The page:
In 1934 Trautmann led the military invasion of Hungary and Romania and employed the mass tactics he described in his books. He launched an offensive on the entirety of the front with the infantry, created gaps in the enemy line of defense, sent the armored divisions to push through those gaps and outflank the enemy line and then attacked from both sides the enemy. The large Russian armies smashed the ill-prepared Hungarian defenses and the even worse-prepared Romanian defenses. During the siege of Budapest, many ancient historical buildings were bombed into rubble and during a raid the Chancellor of Hungary was shot by Russian stormtroopers.

Chinese CampaignEdit

In 1937 Trautmann was able to overrun Sinkiang with relative ease with an armored pincer movement which cut off the Han troops in Sinkiang and allowed the Russian infantry to overrun them but in Manchuria an attempt to do the same was quickly stopped. In that same year, after the assassination of Tsar Peter IV and the formation of the Regency Council, he was appointed Lord-Regent of the Russian Empire and head of the Regency Council and a few months later crowned as Prince Augustus. Thus he became supreme leader of Russia.

Operation BarbarossaEdit

In 1938 the Russian Empire launched an invasion of the communist German Union with the goal of restoring the monarchy. Prince Trautmann himself was the commander of the grand offensive, nicknamed Operation Barbarossa, facing off against the Prussian Marshal Wilhelm Reinhardt. The two had both come from Prussian nobility, attended the same military academy, and had served in the same division during the Second Franco-Prussian War. All of these past ties were thrown aside though, with fierce fighting all across the front. The sudden appearance of Russian divisions in German occupied Serbia forced the German divisions to go on the defensive and retreat northwest or risk being cut-off. The result was the loss of the entire region before a stable defensive line could be established in Austria, with many soldiers formerly occupying Italy moving to the Vienna district. Russian troops successfully surrounded Berlin, which held out for two weeks and bled the Russians before falling. However, their effort was not in vain, as it allowed the Eastern Front to stabilize with the addition of key Panzer divisions. The Russians had begun a battle for Leipzig, the new GFA capital, but the Russians aborted the operation as the supply situation became tenuous due to the rebels in Poland.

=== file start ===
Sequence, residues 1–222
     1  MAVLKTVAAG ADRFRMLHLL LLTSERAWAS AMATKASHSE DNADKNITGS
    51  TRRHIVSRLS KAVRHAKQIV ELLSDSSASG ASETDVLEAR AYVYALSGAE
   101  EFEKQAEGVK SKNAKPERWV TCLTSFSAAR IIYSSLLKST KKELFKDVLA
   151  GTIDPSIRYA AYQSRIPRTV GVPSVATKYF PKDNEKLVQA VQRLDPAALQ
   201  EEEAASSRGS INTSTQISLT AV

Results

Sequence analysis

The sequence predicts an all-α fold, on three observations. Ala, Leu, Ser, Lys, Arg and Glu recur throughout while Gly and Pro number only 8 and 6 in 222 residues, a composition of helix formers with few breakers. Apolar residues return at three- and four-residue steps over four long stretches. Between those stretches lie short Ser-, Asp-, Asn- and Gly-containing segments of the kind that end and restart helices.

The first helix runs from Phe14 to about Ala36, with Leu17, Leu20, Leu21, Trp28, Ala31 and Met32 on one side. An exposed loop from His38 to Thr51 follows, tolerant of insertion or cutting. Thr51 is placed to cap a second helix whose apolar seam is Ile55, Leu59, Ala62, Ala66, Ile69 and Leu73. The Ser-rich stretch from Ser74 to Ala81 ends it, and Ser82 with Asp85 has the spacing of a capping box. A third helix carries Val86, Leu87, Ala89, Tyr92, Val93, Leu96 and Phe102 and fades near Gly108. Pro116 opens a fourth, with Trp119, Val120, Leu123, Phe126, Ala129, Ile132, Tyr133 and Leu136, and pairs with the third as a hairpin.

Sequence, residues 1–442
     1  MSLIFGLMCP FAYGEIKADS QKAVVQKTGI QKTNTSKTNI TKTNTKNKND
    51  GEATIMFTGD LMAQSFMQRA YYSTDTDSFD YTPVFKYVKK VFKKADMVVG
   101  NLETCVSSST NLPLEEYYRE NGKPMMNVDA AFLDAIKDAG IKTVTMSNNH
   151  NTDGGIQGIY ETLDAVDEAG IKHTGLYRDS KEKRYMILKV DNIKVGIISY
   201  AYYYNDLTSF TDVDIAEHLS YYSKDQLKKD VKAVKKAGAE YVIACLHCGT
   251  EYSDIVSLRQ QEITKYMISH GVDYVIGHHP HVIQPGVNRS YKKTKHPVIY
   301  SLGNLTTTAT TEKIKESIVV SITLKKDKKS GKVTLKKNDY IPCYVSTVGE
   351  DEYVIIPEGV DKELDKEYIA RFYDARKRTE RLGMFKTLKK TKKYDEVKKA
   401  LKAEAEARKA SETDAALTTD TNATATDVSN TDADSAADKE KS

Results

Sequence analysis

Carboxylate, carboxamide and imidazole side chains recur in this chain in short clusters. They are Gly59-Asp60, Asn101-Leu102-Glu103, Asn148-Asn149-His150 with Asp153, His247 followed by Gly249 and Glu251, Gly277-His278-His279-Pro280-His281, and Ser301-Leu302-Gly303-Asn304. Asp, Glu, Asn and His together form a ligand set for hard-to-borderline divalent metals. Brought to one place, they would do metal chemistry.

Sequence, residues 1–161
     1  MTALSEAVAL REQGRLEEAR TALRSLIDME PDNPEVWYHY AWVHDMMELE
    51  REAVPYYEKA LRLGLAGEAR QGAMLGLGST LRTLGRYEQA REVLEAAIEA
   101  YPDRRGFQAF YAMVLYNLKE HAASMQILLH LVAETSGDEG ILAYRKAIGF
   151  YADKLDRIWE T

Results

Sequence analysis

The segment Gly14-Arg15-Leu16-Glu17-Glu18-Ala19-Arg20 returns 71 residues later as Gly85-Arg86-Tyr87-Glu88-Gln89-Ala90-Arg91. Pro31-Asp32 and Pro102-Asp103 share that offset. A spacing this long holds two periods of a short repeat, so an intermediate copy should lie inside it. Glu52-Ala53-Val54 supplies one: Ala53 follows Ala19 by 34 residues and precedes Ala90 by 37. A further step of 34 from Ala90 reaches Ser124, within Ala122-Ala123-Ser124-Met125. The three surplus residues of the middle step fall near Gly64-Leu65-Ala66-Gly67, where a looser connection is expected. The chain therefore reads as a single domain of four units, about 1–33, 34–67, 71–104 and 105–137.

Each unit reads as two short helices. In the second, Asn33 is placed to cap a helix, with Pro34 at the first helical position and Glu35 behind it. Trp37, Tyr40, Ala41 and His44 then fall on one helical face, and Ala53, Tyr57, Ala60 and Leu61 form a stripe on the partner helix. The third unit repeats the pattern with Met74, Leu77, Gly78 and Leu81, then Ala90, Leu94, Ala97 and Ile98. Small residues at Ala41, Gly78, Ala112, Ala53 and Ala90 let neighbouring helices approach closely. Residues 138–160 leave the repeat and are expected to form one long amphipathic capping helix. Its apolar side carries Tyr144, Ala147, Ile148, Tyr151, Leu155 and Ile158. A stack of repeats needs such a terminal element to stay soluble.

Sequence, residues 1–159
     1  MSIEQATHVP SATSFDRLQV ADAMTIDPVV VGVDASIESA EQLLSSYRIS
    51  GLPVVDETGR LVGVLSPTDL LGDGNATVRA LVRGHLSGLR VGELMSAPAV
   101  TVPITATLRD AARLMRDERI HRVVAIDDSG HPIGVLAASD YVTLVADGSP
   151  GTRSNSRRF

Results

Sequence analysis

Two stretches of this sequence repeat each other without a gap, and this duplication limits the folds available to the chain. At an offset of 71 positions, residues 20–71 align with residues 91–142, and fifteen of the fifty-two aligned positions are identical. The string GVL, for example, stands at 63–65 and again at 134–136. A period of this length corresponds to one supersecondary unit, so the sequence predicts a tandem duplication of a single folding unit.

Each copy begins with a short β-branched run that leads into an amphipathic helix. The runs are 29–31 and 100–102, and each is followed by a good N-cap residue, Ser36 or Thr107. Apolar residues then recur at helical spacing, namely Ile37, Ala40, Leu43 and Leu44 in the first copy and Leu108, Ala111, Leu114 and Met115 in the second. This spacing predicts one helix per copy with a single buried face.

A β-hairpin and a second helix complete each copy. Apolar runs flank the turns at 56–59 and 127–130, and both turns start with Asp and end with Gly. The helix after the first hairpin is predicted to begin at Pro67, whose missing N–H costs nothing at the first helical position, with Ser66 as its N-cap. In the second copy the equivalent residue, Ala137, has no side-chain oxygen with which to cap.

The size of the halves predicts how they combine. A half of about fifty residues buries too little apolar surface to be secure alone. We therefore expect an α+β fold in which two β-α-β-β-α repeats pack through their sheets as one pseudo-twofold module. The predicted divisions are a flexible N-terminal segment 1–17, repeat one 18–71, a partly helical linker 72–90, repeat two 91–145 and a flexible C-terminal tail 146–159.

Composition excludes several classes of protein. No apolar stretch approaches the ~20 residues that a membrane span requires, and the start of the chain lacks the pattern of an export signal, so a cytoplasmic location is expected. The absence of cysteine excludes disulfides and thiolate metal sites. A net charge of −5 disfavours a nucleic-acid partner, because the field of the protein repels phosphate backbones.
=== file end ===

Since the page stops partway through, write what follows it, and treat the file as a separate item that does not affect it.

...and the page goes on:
Polish units successfully attacked Russian positions, taking Katowice, Kielce, and Radom, forcing the Russians to transport the supplies to the German campaign solely through Warsaw. Prince Trautmann ordered the garrison commander to not retreat, saying “If you lose the city, you alone are responsible for the deaths of a million Russian soldiers”.

AssessmentEdit

According to the Swiss Herald, which published a Prussian intelligence report, "While Trautmann feels that he is on the cutting edge of warfare, his so called lightning war tactics are not much different from his strategies in the Second Franco-Prussian War. Still, those strategies even today have a brutal effectiveness to them, and his offensives are seemingly able to trade lives for land. His time as the Tsar's go to commander and Russia's constantly changing diplomatic situation forced Trautmann to learn to plan quickly, and his ability to rally soldiers to fight another battle for the Tsar makes him a very dangerous foe to us."